Chapter 17. Beyond the Basics

So far, everything in this book has been about what you can do with Elements right out of the box. But like many things digital, there's a thriving cottage industry devoted to souping up Elements. You can add new brush shapes, wild Layer styles, and fancy filters. Best of all, a lot of what's out there is free. And many of the tools are especially designed to make Elements behave more like Photoshop.

This chapter looks at some of these extras, how to manage the stuff you collect, and how to know when you really do need the full version of Photoshop instead. You'll also learn about the many resources available for expanding your knowledge of Elements beyond this book.

Graphics Tablets

Probably the most popular Elements accessory is a graphics tablet, which lets you draw and paint with a pen-like stylus instead of a mouse. If trying to use the Lasso tool with a mouse makes you feel like you're trying to write on a mirror with a bar of soap, a graphics tablet is for you. Figure 17-1 shows a graphics tablet in use.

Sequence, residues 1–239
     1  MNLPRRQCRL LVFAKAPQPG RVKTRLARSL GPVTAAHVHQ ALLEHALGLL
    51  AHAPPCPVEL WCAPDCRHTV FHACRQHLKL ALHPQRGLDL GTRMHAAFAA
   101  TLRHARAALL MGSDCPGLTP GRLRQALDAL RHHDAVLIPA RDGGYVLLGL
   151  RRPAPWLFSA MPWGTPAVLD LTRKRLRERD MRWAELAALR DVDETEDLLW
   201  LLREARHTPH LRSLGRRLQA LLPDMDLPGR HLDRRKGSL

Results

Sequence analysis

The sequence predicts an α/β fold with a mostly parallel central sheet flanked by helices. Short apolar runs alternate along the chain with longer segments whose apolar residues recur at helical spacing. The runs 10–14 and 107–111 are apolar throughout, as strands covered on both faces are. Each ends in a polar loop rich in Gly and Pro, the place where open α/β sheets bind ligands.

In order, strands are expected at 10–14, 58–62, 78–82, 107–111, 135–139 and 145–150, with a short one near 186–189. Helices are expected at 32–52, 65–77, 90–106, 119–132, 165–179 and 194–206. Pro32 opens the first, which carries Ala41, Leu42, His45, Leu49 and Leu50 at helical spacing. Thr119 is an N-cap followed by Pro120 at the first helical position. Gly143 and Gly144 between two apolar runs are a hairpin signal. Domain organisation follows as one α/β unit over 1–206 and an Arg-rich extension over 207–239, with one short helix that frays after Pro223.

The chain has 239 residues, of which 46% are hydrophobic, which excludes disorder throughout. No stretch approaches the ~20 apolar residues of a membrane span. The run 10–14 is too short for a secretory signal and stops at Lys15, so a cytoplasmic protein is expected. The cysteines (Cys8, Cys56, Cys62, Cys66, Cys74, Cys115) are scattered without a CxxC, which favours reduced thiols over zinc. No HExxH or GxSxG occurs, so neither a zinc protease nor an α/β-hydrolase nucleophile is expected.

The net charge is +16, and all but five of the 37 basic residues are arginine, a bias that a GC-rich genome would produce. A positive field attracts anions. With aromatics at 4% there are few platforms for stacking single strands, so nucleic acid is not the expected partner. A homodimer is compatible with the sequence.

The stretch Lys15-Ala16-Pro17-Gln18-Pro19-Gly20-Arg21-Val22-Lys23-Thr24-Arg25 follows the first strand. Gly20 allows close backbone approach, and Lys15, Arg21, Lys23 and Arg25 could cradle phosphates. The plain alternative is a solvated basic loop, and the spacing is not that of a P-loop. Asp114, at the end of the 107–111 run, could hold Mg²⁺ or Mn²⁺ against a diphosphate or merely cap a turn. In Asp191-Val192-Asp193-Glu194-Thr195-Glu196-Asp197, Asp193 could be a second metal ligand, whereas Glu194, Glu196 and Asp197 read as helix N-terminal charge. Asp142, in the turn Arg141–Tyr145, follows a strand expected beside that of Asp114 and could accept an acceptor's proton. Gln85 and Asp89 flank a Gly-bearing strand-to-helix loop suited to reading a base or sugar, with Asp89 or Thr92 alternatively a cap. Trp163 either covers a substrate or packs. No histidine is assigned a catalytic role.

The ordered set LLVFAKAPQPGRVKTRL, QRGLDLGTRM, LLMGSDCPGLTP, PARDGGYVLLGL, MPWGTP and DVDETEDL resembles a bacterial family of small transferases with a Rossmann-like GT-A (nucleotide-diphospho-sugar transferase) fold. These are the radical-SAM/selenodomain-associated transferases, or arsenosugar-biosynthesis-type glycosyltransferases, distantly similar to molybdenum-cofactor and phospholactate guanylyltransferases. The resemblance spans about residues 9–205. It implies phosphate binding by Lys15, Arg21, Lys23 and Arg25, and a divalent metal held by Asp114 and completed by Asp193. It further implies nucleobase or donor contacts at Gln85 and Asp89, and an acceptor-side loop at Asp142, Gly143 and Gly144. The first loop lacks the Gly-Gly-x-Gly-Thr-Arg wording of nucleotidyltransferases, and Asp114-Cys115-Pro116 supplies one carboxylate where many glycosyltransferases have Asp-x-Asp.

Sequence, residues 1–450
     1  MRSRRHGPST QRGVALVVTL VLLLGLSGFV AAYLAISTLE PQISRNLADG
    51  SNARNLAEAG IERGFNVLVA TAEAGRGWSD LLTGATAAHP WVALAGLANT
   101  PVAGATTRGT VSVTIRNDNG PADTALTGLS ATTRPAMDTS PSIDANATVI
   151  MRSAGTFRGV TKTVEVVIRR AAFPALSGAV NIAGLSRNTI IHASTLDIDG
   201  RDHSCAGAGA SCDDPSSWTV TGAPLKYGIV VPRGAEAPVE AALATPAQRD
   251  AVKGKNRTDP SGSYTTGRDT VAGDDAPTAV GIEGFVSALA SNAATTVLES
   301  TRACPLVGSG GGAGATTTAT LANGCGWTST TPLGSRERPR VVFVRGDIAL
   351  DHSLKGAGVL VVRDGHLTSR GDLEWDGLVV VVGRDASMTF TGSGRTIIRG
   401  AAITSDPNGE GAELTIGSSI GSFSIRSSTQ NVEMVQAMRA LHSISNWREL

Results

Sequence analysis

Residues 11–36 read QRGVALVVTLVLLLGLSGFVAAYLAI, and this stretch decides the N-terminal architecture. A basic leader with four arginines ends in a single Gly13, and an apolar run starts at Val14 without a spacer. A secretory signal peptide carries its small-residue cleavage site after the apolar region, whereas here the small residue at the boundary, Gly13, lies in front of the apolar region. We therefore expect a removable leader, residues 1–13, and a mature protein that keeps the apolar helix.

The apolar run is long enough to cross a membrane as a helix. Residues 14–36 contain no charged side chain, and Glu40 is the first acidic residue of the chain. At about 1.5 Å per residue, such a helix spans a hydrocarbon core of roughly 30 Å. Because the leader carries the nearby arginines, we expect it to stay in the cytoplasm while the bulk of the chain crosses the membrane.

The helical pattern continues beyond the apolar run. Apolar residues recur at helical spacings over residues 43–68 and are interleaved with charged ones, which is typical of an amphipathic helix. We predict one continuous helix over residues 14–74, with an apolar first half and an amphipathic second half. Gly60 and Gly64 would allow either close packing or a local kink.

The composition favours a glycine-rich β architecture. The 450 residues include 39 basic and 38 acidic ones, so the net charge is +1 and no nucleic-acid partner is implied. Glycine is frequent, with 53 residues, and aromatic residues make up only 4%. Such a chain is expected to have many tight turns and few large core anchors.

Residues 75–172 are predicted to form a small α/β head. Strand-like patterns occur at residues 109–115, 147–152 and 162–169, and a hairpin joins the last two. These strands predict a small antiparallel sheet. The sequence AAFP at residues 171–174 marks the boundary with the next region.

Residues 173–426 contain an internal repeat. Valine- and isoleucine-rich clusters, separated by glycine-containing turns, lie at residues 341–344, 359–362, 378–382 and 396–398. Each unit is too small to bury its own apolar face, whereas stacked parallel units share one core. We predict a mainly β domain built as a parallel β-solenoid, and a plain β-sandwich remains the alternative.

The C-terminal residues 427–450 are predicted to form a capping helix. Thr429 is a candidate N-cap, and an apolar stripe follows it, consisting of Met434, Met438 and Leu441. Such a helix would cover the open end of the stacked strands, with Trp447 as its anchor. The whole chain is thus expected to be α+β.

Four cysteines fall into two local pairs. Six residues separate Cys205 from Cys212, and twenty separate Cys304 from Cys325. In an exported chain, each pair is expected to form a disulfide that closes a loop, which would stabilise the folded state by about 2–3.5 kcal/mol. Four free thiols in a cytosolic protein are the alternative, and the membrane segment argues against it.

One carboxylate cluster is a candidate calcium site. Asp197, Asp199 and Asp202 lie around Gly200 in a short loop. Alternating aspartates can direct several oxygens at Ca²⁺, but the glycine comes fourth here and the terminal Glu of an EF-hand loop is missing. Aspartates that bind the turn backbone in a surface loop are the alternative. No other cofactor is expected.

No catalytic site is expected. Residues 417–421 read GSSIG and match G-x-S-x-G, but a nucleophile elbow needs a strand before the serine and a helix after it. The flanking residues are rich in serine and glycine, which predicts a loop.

There are very deluxe tablets that act as a monitor and let you work directly on your image. But you need to budget a few thousand dollars for that kind of convenience.

Most tablets work like the one shown in Figure 17-1. You use the special pen on the tablet just as you would a mouse on a mouse pad; any changes you make appear right on your monitor.

Figure 17-1. A Wacom Graphire tablet in action. This tablet is 6" x 8"— a bit larger than ...

Get Photoshop Elements 3: The Missing Manual now with the O’Reilly learning platform.

O’Reilly members experience books, live events, courses curated by job role, and more from O’Reilly and nearly 200 top publishers.